- The Washington Times - Saturday, March 22, 2003

The U.S. soldiers of the mind who have deployed over Iraq an arsenal of psychological weapons yesterday saw dividends from their efforts as the "shock and awe" bomb and missile attack described in leaflets, broadcasts and e-mails was launched.
Iraqi soldiers surrendering to advancing ground forces waved some of the 17 million leaflets rained onto Iraq in 42 separate drops, most recently Tuesday morning when 360,000 pieces fell on two southeast Iraqi cities.
"Some of those leaflets have been reported to have shown up in Baghdad, and we didn't drop them there, so they're being hand-carried," said retired Rear Adm. Stephen H. Baker, an analyst at the Center for Defense Information. "I suspect that some people think that if they wave this, it's better than waving a white flag."
One set of leaflets at the official U.S. Central Command Web site portrays a well-dressed Iraq President Saddam Hussein beside a poverty-stricken mother and child, with the headline: "He lives in splendor as your family struggles to survive."
Iraq Information Minister Mohammed Sa'eed al-Sahhaf rejected those reports and accused U.S. officials the "criminal George Bush and his gang" of faking television images of surrenders.
"Those are not Iraqi soldiers at all," he said at a Baghdad news conference. "Where did they bring them from?"
The leaflets borrow Genghis Khan's millennium-old tactic of sending men ahead of his invading force to exaggerate its size and brutality, and invite quick surrender.
This time the bragging included the public testing an unprecedented 21,000-pound monster bomb and predictions of the massive air raid that Defense Secretary Donald H. Rumsfeld yesterday called more precise and powerful than anything perviously seen in any war.
"It's much more than pamphlets, it's e-mails and phone calls," said Adm. Baker, who stressed the role of "Commando Solo II," the airborne broadcast station aboard a C-130 flying near Iraq airspace that interrupts commercial and military radio and television. The psychological-operations team includes those in uniformed services and the CIA.
Officially, the war of words that preceded the shooting was aimed at persuading Iraqi officers to save themselves and their families. Direct appeals to Iraqi leaders by President Bush and Mr. Rumsfeld often spoke directly to the Iraqi hierarchy and used the word "you" to make the message clear, said Radio Free Europe and Radio Liberty.
Other messages included U.S. statements about its intentions to rescue Iraq's oil treasure to benefit that nation's citizens. Senior U.S. officials also identified by name Iraqi division commanders in messages broadcast on radio frequencies Iraqis can hear. Defectors and former Iraqi military men voiced similar messages.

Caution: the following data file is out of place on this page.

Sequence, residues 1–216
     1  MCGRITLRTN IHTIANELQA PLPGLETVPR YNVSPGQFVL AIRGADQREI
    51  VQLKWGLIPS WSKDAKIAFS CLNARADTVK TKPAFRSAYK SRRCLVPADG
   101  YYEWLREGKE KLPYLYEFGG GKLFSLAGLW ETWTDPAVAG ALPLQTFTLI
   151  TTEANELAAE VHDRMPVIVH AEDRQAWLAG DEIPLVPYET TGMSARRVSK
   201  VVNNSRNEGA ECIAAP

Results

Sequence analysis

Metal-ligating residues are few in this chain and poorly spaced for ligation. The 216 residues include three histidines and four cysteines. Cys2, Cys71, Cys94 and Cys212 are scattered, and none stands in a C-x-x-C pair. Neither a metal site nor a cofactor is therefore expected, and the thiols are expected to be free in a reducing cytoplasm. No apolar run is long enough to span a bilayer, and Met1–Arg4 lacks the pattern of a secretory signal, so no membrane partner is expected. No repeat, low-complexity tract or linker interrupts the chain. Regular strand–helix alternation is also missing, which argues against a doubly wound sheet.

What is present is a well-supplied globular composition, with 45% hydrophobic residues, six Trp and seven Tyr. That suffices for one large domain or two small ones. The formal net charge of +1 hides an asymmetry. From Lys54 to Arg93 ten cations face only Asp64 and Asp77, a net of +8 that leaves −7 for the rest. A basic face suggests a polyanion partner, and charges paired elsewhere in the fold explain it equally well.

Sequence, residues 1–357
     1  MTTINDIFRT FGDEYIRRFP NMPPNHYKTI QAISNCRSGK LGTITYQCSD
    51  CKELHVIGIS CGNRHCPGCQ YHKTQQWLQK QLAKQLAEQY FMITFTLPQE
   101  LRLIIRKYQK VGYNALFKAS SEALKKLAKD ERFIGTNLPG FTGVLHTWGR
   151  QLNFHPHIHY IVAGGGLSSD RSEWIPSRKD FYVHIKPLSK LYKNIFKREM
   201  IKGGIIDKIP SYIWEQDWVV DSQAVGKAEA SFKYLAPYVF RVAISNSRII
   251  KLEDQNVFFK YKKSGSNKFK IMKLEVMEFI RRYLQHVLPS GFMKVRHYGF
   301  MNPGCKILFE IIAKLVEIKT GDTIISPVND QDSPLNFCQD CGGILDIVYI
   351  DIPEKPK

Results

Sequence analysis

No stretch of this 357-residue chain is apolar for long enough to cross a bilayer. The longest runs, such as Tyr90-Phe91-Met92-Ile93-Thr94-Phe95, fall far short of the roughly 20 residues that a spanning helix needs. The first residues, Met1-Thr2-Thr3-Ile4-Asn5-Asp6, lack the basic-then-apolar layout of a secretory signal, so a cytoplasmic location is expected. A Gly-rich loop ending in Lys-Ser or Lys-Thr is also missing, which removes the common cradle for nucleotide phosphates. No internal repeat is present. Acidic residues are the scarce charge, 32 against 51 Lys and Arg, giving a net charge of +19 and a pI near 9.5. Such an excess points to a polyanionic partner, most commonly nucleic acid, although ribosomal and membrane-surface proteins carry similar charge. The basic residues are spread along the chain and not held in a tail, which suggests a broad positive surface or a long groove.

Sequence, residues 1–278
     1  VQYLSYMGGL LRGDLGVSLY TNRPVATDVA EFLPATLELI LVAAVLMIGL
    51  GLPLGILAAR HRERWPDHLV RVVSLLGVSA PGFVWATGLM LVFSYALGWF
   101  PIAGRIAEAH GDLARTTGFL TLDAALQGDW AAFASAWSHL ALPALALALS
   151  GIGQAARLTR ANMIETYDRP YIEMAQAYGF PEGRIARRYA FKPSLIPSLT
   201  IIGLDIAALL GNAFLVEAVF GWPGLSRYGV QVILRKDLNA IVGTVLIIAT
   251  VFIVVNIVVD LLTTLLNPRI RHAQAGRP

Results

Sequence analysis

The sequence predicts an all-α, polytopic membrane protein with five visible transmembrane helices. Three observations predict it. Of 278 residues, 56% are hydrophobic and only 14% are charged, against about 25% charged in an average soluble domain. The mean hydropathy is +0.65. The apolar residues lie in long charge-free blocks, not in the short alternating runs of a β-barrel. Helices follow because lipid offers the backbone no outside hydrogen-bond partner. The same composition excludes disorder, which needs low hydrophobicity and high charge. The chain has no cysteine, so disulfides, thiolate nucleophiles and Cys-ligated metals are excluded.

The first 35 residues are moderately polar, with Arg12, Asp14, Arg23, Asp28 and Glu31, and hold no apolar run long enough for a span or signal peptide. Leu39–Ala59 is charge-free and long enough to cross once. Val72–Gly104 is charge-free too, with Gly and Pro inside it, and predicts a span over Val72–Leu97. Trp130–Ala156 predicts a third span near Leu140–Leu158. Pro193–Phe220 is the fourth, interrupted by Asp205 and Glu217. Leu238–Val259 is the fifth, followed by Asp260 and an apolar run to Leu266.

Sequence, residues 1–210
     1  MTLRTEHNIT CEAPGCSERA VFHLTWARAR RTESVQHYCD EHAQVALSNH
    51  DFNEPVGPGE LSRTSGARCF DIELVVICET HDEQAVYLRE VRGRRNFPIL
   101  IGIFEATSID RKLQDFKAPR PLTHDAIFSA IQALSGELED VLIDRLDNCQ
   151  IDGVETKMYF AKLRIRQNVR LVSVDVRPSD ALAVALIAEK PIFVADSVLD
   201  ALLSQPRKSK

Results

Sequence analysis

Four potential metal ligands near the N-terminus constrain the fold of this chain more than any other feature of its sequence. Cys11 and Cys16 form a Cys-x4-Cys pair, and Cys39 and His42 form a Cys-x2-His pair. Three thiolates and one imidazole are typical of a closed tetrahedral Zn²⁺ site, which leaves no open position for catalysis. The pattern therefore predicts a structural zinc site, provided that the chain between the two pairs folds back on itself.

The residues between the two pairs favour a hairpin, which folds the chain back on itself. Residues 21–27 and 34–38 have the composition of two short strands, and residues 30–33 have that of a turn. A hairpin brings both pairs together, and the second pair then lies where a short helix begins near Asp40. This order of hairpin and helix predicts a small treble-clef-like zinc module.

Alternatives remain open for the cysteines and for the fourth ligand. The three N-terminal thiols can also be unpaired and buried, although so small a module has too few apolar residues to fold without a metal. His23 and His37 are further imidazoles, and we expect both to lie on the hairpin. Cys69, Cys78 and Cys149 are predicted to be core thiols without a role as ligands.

The military calls its flying broadcasters "Weapons of Mass Persuasion." They commandeer all broadcast bands and replace Iraqi content with music and information, and disable or manipulate Iraqi military computers.
An American University professor who opposes Bush administration war policies called the leaflets prepared at Fort Bragg, N.C., by the Army's 1,200-member 4th Psychological Operations Group a message to homeland audiences as much as for Iraqis.
"This type of operation has multiple audiences," said professor Christopher Simpson, who calls the invasion immoral and illegal. "The Central Command Web site has English-language versions and Arabic-language versions. Well, they're not dropping the English-language versions in Iraq. They're for reporters or the U.S. public.
"I'm not saying that's intrinsically evil; that's what institutions do," said Mr. Simpson, author of "Science of Coercion."
He said the campaign's impact is overstated.
"The motivation for surrender does not come from those leaflets. It depends on exploiting their existing state of mind," Mr. Simpson said. "Psychological operations are as old as time but their effectiveness is only built on the use of violence. It's not the leaflets that convince them to desert. They're ready to desert. The leaflets just tell them how."
Before and during the 1991 Persian Gulf war, coalition forces dropped 29 million leaflets, encouraging an estimated 100,000 Iraqi soldiers to surrender.
Adm. Baker predicted that messages to Iraqis will be supported by TV images showing people in southern cities occupied by the 1st Marine Expeditionary Force and British Royal Marine commandos.
"The Shi'ite population there hates Saddam and TV will show it quick so the rest of Iraq can see how well they are being treated. Maybe that's when General Tommy Franks would say, 'How do you like us so far, Iraq? These folks are embracing freedom,'" Adm. Baker said.

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